Can green pioneer Costa Rica get citizens on their bikes?

Costa Rica gets 98% of its power from renewables, yet has one of the biggest carbon footprints in Central America. Now, it wants to clean up transport, but can cycling improve its image?

Costa Rica has a proud international reputation as an eco-paradise. Home to more than 500,000 species of plants and animals, it offers tourists the chance to spot tapirs — large pig-like herbivores with stumpy trunks — lethargic three-toed sloths, and vibrant red-eyed tree frogs.

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It would be easy to spend weeks touring the country's 28 national parks, which cover around a quarter of the country's territory.

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Read more: Ocean College: Guardians of the rainforest

Costa Rica is also a pioneer in renewables, getting 98% of its electricity from hydropower, biomass, geothermal, wind, and solar energy.

And yet, the country has the second-highest CO2 footprint in Central America. That's because it is home to so many cars — 231 per 1,000 people.

Read more: Top UN court orders Nicaragua to compensate Costa Rica for environmental damage

That might not sound bad compared to Germany's 561 cars per 1,000 people, or the United States' 756. But it's a higher rate than anywhere else in Latin America except Mexico and Argentina, and transport accounts for 60% of Costa Rica's CO2 emissions.

Read more: Drinking coffee for the climate

Costa Rica's capital of San José is blighted by traffic jams. Traveling just a few kilometers by car can take an hour.

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And that means terrible air quality too, which the government says has led to a rise in eye and skin disorders as well as respiratory diseases, such as asthma, bronchitis and pulmonary hypertension.

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Getting Costa Ricans on their bikes

The government wants to clean up Costa Rica's air and make the country climate neutral by 2050. One way to do both is to encourage Costa Ricans to switch to cycling.

Read more: Battling smog: Swapping cars for bicycles in Beijing

New legislation voted through parliament and planned to come into effect this year, will grant companies tax breaks if they build bike racks and buy bicycles for their employees, and will compel municipalities to build bike lanes into all new roads.

At the same time, bike safety will be declared a national interest and the government will run national information campaigns to make drivers more aware of cyclists.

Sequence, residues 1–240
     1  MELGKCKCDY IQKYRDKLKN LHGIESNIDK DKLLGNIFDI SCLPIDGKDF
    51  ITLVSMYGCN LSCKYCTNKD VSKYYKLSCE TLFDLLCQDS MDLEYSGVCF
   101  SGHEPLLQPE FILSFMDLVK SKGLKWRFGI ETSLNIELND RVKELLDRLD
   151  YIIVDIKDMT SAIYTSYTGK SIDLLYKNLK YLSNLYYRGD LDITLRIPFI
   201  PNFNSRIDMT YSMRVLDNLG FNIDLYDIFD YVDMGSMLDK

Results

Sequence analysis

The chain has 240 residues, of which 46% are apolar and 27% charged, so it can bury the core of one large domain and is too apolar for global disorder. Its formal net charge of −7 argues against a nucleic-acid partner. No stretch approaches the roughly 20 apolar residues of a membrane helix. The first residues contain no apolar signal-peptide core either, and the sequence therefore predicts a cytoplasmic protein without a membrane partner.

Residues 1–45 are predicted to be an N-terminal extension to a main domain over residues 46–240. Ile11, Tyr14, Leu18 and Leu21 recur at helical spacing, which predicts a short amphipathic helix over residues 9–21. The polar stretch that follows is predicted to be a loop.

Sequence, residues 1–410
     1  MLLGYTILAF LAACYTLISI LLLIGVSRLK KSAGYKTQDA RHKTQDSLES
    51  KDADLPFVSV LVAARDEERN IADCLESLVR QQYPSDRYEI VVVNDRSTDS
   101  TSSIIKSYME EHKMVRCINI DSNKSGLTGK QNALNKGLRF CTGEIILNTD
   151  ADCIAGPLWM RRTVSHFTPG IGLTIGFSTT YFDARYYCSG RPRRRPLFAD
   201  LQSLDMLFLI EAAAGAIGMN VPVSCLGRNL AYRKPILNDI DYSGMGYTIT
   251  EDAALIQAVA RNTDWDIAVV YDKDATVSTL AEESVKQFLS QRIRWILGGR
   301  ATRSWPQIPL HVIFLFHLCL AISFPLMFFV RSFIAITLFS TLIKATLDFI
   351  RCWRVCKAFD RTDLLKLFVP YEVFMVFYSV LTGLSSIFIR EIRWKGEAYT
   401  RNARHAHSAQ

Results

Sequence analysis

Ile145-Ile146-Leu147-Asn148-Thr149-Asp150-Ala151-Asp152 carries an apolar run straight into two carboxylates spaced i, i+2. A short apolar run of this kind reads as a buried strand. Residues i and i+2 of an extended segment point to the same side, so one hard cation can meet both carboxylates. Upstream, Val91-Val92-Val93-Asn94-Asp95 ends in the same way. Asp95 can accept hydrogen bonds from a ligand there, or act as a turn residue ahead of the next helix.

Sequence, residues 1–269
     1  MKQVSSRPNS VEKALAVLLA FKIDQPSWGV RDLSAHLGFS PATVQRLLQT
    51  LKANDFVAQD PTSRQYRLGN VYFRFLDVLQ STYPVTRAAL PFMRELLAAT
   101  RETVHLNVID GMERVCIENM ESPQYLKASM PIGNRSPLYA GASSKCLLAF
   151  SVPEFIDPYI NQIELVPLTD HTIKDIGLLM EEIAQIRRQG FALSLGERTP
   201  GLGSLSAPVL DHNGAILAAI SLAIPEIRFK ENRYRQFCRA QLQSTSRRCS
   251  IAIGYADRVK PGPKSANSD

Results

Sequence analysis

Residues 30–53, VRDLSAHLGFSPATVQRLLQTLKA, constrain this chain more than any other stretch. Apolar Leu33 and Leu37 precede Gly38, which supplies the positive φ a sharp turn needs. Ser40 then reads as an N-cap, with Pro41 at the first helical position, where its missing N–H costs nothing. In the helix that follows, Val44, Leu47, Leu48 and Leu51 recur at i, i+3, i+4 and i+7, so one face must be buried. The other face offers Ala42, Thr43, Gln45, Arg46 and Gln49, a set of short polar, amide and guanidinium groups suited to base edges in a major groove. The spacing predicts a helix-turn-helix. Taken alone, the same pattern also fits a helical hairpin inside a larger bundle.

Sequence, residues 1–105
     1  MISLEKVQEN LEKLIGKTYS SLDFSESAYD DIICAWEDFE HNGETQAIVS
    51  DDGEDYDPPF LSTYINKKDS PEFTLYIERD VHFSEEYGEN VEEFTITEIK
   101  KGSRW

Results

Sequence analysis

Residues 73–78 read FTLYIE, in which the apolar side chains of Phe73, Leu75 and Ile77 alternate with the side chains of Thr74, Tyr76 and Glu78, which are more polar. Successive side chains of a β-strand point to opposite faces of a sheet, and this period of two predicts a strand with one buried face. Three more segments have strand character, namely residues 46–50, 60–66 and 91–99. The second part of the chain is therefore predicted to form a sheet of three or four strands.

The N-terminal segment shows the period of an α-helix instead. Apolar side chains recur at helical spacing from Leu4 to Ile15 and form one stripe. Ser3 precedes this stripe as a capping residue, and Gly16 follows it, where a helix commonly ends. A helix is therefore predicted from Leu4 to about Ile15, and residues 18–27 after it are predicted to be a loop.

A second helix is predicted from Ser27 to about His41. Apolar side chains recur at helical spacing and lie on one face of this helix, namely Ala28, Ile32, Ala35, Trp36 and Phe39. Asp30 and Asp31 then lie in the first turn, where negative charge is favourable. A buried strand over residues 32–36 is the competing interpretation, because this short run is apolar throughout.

Traffic jams mean short journeys across the Costa Rican capital can take an inordinate amount of time, with cars chugging out emissions that harm both the climate and human health

"We want to fundamentally change our people's vision of transport," said Carolina Hidalgo Herrera, president of Congress for the governing center-left Citizens' Action Party.

"Private cars have up until now been one of the main means of transport," she added. "We have kept building new roads over the past 30 years instead of rethinking the system to adjust it more to the needs of pedestrians and cyclists."

Can cycling shed its shabby image?

Herrera has been cycling to work for years. She says one the biggest challenges is changing its image.

"When I first came to work by bike, my colleagues asked me if I had financial problems, if that was why I couldn't take the car," she says. "Cyclists still have the image of being poor."

Not a bike in sight - yet

Which is why she wants bicycle ambassadors to improve the image of cycling. People like Erick Solís, who has been riding his bike everywhere for 15 years, and is a member of Ciclistas Urbanos Costa Rica — Urban Cyclists of Costa Rica.

"We have, for the first time, real allies in the government," he told DW. "And international pressure is mounting to bring down our CO2 footprint. People have finally understood that there's real urgency to act."

Yet Solís remains cautious — at least for now.

"There is a lot of bureaucracy and sometimes a lack of political will in Costa Rica, and it can take ages for plans to be implemented," he said. "Some laws voted in the 1990s still haven't come into effect."

Read more: How to make the world affordably carbon-free

Beyond bikes

But even if the government takes action and Costa Ricans fall in love with cycling, it won't be enough to fix the country's CO2 problem, says Leonardo Merino, who covers transport for the Estado de la Nación, an annual independent review of Costa Rica's social, economic, environmental and political policies.